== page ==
Skip to Content

Monday Morning eBriefing

CBP Makes Uyghur Forced Labor Prevention Act Importer Guidance Available

Jun 20, 2022 by Sarah Geiger
Customs and Border Protection (CBP) released guidance to assist the trade with preparing for the implementation of the Uyghur Forced Labor Prevention Act (UFLPA) rebuttable presumption that will take effect June 21. 

The agency said the trade should be aware that the guidance document is “intended to provide operational guidance to trade stakeholders and complements the UFLPA strategy guidance.” Importers must comply with the importer guidance within UFLPA strategy. UFLPA, Section 3(b). 

UFLPA was signed into law by President Biden on Dec. 23, 2021.
UFLPA establishes a rebuttable presumption that the importation of any goods, wares, articles, and merchandise mined, produced, or manufactured wholly or in part in the Xinjiang Uyghur Autonomous Region of of China, or produced by certain entities on the Forced Labor Enforcement Task Force (FLETF) Entity List, is prohibited by Section 307 of the 1930 Tariff Act and that such goods, wares, articles, and merchandise are not entitled to entry to the U.S. The presumption applies unless the CBP Commissioner determines that the importer of record has fully complied with the FLETF-issued importer guidance, responded to all inquiries, and determines by clear and convincing evidence, that the goods, wares, articles, or merchandise were not produced using forced labor.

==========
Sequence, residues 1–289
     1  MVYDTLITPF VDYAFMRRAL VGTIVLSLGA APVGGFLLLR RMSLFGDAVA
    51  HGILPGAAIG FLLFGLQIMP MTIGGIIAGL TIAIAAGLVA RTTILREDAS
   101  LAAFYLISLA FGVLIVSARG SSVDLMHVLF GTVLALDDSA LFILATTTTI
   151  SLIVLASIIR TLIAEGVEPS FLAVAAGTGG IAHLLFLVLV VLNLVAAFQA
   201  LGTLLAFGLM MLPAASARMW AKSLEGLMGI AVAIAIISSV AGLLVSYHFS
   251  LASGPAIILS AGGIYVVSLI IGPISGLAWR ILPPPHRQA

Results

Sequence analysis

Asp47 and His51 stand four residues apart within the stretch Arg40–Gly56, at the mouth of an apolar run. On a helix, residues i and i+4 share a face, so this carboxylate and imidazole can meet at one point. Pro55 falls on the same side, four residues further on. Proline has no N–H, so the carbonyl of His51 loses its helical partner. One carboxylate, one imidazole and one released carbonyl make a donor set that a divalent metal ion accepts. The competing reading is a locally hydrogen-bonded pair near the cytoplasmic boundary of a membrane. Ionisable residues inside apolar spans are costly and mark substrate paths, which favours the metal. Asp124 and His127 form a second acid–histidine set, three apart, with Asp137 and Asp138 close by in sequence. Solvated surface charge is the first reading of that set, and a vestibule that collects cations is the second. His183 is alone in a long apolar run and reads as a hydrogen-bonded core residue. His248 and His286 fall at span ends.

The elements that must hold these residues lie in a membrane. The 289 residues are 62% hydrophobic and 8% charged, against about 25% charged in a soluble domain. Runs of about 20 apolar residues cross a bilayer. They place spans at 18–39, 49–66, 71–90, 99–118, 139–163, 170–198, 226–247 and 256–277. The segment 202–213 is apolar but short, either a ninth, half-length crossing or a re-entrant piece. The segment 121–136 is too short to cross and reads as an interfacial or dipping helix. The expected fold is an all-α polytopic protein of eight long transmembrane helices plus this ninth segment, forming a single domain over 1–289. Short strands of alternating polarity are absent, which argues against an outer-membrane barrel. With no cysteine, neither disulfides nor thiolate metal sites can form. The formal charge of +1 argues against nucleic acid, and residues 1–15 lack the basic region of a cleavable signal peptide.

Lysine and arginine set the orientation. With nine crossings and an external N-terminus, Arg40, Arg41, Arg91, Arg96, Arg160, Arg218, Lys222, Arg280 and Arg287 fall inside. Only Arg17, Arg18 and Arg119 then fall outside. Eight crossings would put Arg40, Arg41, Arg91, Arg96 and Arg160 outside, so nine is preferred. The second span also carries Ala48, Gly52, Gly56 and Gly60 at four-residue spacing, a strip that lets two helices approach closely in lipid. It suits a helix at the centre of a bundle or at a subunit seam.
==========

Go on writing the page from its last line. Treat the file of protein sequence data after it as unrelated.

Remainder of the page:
Here are some important highlights:

  • Effective for goods imported on or after June 21 (not entered).
  • If goods were under WRO before (cotton, tomatoes, XPCC goods) they will now be under UFLPA – big difference is WRO gives three months to get information to CBP, while UFLPA gives 30 days (detention process governed by 1499).
  • Importers can basically give information to CBP to have additional shipments identical to shipments that have been reviewed previously and determined to be admissible to speed up release of the identical shipments.
  • Seizure is possible.
  • Scope decisions are different from UFLPA exception requests.
  • May have some benefits to CTPAT companies.

In addition to the guidance, CBP said the trade should “frequently check” the agency’s UFLPA webpage for the latest information on the UFLPA and send inquiries to